Effective vulnerability management hinges on the collaborative efforts of IT and security teams. Communication breakdowns between these two groups can lead to delayed response times, misaligned priorities and increased security risks. To foster better communication, initiate cross-functional training programs where members from IT and security teams can learn about each other's roles, responsibilities and challenges. The vulnerability management team should schedule regular meetings between IT and security teams to discuss ongoing projects, challenges and upcoming remediation SLAs. Finally, encourage temporary swaps between IT and security teams where team members work in the other department for a designated period. Defining well-defined communication channels to ensure rapid response times during security incidents further promotes a culture of shared responsibility.



Real-World Scenario

Like in my previous blog, we encountered a client who experienced communication issues between the IT infrastructure and the security teams. These teams faced challenges in remediating identified vulnerabilities. I’d like to explain further how these communication concerns posed key risks.


On the one hand, the vulnerability management team was proficient in the day-to-day operations and identifying new and existing vulnerabilities within the organization. However, when they communicated remediation efforts to the teams responsible for patching and remediating the vulnerabilities, a breakdown occurred. Despite the client having well-established policies and standards, they received resistance from the operational teams. In these cases, the perceived risk of bringing down a system outweighed the actual risk of a security incident.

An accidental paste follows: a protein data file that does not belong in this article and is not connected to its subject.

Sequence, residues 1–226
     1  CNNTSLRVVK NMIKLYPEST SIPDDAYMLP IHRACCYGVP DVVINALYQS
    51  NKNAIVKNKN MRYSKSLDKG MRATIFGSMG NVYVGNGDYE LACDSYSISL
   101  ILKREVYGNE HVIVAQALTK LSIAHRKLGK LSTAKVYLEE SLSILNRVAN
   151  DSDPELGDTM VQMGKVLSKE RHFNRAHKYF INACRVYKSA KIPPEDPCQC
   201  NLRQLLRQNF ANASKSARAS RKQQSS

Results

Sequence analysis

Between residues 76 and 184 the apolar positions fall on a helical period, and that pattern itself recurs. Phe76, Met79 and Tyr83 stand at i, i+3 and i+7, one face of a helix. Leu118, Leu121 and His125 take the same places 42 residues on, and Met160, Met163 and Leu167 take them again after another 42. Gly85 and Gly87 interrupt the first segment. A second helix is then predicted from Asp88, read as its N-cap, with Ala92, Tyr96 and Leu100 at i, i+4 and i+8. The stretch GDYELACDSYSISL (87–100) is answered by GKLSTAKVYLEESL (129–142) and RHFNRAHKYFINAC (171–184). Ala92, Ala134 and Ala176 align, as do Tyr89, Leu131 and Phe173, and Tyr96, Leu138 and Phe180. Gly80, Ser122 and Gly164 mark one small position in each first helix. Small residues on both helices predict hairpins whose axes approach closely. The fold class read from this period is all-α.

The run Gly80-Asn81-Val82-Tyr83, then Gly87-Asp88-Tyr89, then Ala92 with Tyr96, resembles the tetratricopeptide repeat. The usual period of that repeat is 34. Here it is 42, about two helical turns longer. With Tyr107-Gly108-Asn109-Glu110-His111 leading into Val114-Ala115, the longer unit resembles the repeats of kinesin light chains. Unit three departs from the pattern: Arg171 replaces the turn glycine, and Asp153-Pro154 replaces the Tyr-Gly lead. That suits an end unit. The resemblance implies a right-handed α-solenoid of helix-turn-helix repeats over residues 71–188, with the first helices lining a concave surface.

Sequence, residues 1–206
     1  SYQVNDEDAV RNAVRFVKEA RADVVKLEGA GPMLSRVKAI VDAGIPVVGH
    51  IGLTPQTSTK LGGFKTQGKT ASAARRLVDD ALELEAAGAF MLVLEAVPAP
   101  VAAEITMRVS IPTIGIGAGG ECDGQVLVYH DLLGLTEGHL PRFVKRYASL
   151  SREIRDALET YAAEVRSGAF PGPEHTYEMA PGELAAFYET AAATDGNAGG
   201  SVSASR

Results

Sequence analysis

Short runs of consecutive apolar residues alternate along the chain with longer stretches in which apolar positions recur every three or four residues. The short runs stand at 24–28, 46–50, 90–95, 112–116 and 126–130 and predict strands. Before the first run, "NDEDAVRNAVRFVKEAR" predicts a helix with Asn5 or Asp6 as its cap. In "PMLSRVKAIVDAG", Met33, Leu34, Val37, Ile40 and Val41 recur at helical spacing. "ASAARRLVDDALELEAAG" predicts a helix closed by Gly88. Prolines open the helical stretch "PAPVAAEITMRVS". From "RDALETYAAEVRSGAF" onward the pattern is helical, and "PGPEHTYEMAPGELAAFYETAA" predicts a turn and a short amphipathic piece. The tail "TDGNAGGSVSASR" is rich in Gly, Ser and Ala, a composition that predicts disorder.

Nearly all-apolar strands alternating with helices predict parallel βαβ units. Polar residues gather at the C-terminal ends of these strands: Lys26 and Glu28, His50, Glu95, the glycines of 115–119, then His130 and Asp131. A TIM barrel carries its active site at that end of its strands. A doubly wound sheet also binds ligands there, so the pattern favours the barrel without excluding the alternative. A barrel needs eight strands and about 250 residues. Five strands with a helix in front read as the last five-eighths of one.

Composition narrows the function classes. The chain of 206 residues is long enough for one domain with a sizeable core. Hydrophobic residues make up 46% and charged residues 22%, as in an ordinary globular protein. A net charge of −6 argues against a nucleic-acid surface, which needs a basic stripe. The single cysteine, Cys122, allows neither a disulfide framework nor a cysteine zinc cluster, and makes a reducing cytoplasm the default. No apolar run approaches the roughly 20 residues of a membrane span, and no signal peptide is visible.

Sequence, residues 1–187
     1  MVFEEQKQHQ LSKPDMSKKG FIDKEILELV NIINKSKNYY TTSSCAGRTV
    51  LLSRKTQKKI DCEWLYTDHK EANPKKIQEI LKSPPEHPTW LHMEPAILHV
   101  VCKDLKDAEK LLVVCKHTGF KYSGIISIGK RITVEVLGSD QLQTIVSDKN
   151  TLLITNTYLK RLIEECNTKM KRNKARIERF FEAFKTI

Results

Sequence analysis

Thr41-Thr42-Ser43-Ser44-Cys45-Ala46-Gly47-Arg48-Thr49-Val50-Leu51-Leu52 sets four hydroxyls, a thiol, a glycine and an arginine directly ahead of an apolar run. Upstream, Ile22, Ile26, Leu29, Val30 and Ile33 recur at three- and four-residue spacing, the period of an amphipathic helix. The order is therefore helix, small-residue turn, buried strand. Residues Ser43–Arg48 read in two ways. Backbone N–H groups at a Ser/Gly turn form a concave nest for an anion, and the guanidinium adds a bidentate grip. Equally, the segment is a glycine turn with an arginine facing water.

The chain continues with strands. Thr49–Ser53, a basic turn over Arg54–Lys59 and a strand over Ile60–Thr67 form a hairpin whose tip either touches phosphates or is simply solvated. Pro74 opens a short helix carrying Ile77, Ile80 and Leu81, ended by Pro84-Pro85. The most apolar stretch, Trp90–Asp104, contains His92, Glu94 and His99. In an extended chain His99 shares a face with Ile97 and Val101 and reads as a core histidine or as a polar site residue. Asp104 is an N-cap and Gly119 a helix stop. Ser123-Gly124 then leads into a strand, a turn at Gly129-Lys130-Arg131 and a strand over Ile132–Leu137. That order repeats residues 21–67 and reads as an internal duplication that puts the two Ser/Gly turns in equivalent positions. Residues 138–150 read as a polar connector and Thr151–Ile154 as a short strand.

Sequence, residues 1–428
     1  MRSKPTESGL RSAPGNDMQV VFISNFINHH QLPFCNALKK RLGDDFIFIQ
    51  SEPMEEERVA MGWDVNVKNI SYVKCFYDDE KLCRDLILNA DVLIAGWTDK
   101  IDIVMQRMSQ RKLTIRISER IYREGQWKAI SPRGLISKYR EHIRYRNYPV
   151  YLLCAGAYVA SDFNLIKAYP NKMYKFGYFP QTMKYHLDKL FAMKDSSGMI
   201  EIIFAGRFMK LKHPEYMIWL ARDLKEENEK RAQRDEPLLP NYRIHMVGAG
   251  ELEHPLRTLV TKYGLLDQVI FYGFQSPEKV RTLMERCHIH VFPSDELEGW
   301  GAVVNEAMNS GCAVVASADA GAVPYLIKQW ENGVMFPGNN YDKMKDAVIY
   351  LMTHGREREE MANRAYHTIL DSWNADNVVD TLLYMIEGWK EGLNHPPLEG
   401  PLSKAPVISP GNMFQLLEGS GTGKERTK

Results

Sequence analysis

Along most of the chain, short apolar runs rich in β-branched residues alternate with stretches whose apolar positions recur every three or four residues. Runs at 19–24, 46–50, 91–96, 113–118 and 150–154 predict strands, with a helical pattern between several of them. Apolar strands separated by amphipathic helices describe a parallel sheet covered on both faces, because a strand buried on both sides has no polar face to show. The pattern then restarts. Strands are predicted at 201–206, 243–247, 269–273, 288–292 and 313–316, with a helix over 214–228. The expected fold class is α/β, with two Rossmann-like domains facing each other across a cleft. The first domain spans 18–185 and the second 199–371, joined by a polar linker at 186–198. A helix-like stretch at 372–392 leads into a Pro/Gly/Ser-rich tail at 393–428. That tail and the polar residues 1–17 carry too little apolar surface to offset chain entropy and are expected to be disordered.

This issue is a testament to the broader challenge where leadership often perceives vulnerability management as a checkbox rather than a fundamental aspect that protects the company’s reputation and future existence. Addressing the communication breakdown requires an approach aimed at fostering collaboration, understanding and a shared commitment to cybersecurity. Fostering transparent, open communication between the teams is imperative. At a minimum, weekly stakeholder and IT security meetings should be held to assess the vulnerabilities and the risks to the affected systems. Communicating awareness and the need for security ensures that everyone understands the importance of timely remediation and the potential risks associated with leaving them vulnerable. Finally, clearly communicating the actual risks associated with security incidents vs. the perceived risks of remediation efforts can provide a more balanced perspective.


In our next blog post, we will delve into the process challenges within vulnerability management and propose strategies to fortify the three-legged stool.

Shaun Kummer
Vulnerability Management and Remediation Practice Leader | Optiv
Shaun leads Optiv’s Vulnerability Management and Remediation practice, a part of the Threat business unit. He assists organizations design, deploy and solve problems that exist within their vulnerability management programs. Shaun’s approach is pragmatic, ensuring practical solutions that address real-world issues to assist organizations navigate the complexities of security challenges.

Shaun’s diverse career spans federal and local governments, as well as corporate environments. Before joining Optiv, his focus was primarily on corporate threat and vulnerability management. Notably, Shaun is a U.S. Army and law enforcement veteran, having served in Military Intelligence, HUMINT and law enforcement roles.